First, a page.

Both of these can probably be linked to living in Manchester, UK. He now spends his time doing Campaign/Community Media work (http://clearerchannel.org) and Community Gardening (http://redbricks.org).
Adam Hyde is the founder of FLOSS Manuals, project manager for Booki and Book Sprint facilitator. Adam has been responsible for pushing the Book Sprint methodology from a 3-6 month process to a 2-5 day process. Adam lives in Berlin and enjoys exploring the process of producing books from their birth as an idea to writing to design to binding and beyond. Adam is currently very interested in pushing the Book Sprint methodology into new content areas and exploring its boundaries as much as possible. email@example.com
Alejandra Perez Nuñez is an independent artist and a member of a diverse group of practitioners and writers examining the electromagnetic environment in relation to post industrial economies. As a noise performer working with FLOSS tools she participates in projects dealing with radio, connected performance and social science fiction. She has a degree in psychology and aesthetics and a M.A. in media design. She is currently based in Valparaiso, Chile. http://elpueblodechina.org
Jon Phillips (http://rejon.org) is a developer devoted to contributing to society and building meaningful relationships. He is notable for creating communities, growing successful media projects and leading in the Free Software, Open Source and Open Content movements. His artwork, projects and research are presented internationally including at Cantocore Import/Export Guangzhou (2008), Beijing Central Academy of Fine Arts (2008), Nelson-Atkins Museum of Art (2008), Inter-Society for Electronic Arts Singapore (ISEA, 2008), Wikimania Taipei (2007), Pixelodeon Conference American Film Institute (LA, 2007), Berkeley Museum’s Digital Culture 0101 Public Lecture (2006), SF MoMA (2004), University of Tokyo (2004), Korea Advanced Institute for Science and Technology (2004), UCLA Hammer Museum, USC AIM Festival IV (2003), and the Institute for Contemporary Art London (2002).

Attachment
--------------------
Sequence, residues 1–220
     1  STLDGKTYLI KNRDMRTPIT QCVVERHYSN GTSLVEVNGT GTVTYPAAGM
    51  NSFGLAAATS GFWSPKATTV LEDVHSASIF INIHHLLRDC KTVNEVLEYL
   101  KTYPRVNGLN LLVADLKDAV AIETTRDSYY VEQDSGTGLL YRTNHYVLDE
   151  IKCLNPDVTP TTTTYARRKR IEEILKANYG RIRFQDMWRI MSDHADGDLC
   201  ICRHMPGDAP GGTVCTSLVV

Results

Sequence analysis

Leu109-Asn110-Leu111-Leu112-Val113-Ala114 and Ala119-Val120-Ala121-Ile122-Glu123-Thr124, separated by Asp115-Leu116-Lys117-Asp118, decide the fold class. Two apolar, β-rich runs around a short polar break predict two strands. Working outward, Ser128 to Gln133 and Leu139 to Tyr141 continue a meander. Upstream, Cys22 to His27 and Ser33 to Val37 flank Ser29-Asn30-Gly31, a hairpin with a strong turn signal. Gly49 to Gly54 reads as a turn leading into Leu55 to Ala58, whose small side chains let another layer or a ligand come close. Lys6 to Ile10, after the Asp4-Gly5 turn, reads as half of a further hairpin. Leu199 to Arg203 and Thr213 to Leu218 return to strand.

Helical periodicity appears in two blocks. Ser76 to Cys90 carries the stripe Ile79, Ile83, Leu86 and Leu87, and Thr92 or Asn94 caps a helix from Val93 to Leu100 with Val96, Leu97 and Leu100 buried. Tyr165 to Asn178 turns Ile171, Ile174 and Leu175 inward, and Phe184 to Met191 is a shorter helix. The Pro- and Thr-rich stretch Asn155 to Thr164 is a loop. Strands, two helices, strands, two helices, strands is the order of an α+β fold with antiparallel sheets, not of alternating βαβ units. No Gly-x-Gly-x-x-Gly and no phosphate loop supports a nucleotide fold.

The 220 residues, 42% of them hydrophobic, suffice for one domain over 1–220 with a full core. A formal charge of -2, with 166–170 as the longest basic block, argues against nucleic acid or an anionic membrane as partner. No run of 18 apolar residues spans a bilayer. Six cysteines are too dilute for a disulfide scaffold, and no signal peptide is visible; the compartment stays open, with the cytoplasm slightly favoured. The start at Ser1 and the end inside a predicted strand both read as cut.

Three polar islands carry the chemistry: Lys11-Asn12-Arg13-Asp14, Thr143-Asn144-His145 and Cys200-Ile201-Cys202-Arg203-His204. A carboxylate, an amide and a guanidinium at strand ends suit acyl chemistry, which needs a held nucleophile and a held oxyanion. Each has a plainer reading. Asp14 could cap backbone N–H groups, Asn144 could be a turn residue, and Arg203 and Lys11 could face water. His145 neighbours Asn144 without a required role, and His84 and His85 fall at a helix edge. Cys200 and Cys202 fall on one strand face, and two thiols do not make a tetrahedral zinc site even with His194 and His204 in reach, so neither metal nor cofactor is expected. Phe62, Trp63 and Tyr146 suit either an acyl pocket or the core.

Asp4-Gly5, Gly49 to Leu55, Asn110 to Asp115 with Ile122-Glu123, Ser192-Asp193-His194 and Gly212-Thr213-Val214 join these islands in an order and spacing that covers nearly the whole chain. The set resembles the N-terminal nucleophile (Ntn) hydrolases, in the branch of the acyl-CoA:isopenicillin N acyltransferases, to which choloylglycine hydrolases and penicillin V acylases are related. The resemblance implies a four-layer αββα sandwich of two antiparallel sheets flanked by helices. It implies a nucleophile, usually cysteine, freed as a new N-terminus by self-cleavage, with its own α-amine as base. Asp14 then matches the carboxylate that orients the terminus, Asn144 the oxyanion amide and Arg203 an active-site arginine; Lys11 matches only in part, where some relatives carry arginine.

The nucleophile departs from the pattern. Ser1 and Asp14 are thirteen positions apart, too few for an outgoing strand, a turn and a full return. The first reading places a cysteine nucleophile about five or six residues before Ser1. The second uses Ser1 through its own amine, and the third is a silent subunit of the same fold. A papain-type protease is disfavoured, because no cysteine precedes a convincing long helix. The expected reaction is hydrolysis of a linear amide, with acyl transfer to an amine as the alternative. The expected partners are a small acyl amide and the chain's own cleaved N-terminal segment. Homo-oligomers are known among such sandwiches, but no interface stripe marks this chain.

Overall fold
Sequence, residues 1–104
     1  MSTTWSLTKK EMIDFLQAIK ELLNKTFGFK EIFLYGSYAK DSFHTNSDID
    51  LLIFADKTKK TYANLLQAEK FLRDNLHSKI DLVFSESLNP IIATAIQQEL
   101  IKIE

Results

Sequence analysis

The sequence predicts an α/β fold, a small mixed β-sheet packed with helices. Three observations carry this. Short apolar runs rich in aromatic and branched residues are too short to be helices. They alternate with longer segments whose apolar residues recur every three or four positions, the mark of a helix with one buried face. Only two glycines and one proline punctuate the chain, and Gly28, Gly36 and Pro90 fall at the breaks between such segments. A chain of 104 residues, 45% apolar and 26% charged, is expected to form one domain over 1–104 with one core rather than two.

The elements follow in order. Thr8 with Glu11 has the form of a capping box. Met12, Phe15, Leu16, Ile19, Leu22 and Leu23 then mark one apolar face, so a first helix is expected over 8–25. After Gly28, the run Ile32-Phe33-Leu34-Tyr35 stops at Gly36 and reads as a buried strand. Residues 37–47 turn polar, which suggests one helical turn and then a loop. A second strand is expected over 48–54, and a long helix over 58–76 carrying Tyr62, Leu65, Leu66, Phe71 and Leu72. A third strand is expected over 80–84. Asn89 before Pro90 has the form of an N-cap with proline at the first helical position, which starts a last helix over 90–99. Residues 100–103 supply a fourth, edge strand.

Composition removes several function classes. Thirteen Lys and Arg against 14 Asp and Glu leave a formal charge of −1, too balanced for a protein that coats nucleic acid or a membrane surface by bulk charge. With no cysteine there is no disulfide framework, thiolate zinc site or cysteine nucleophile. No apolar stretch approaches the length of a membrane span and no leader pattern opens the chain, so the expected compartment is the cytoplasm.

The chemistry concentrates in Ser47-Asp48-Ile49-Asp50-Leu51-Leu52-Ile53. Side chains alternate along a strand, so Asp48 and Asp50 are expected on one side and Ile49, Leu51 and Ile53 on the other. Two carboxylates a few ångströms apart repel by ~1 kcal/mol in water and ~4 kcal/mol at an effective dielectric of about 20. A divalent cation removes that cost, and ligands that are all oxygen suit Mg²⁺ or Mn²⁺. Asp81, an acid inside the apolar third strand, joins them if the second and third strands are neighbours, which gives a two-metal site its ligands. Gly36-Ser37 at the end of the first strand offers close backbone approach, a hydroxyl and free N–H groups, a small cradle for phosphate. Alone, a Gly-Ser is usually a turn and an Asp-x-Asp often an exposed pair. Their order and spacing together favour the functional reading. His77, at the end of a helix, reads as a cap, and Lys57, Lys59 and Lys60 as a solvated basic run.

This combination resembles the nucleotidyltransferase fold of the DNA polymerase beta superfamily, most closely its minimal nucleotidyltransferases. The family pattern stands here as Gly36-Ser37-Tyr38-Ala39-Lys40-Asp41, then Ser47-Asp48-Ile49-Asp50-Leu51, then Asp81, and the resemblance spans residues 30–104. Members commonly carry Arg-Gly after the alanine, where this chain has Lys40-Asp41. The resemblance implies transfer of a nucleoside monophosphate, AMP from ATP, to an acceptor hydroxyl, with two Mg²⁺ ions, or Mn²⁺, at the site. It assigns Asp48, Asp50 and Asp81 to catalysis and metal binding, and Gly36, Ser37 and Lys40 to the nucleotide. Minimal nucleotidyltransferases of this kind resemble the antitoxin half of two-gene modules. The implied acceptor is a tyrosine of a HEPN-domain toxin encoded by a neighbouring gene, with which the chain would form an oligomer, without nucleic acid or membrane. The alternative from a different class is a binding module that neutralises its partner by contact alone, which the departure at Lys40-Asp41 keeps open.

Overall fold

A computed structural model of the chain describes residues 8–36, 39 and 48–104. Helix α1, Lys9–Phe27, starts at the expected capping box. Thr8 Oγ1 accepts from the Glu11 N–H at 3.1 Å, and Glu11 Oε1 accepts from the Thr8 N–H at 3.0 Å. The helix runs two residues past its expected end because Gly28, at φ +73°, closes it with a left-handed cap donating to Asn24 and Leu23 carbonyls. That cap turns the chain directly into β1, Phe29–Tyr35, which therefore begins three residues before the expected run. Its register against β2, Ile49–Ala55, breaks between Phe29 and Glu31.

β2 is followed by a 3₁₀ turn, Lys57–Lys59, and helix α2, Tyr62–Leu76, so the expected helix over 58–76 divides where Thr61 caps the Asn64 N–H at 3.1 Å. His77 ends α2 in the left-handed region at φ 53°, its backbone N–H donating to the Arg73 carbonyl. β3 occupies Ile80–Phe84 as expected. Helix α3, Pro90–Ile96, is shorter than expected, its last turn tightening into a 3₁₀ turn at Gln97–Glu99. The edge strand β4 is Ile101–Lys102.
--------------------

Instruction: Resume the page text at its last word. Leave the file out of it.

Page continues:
Bassel Safadi is a software developer and a 3D technical director with ten years of practic experience. He has extensive experience in open source development including Linux kernel and Apache server. He started web application development in 2000 and 3D visual effects in 2005. His latest work includes a 3D photo realistic reconstruction of the old city of palmyra (Syria), real time visualization, and developing a web programming framework (i.e., aikiframework). He graduated from Riga technical university (rtu) Faculty of Computer Science and Information Technology (Latvia), with a bachelor in computer science in 2001. He has also obtained a M.Sc.IT from the University of Damascus (Syria) in 2004.
Below are Bios of those that participated remotely and part-time onsite.
Aleksandar Erkalovic is the lead developer for Booki. He is also renown internationally in the new media arts and activist circles for the software he has developed. Used to work in Multimedia institute in Croatia, where he was the lead developer of a popular NGO web publishing system (TamTam), Aleksander has a broad spectrum of programming experience having worked on many projects from multi-player games, library software, financial applications, artistic projects, web site analysis applications, and building systems for managing domain registration. Unsurprisingly, he is fluent in many computer languages and technologies.
Barry Threw (http://www.barrythrew.com) works globally to develop culture. He consults institutions and artists interested in exploring digital media through immersion and interactive media experience; combining sound, video, network, and audience interactions. Currently he works to present surround cinema with Recombinant Media Labs, develop interactive media with Obscura Digital, and free culture projects with Fabricatorz.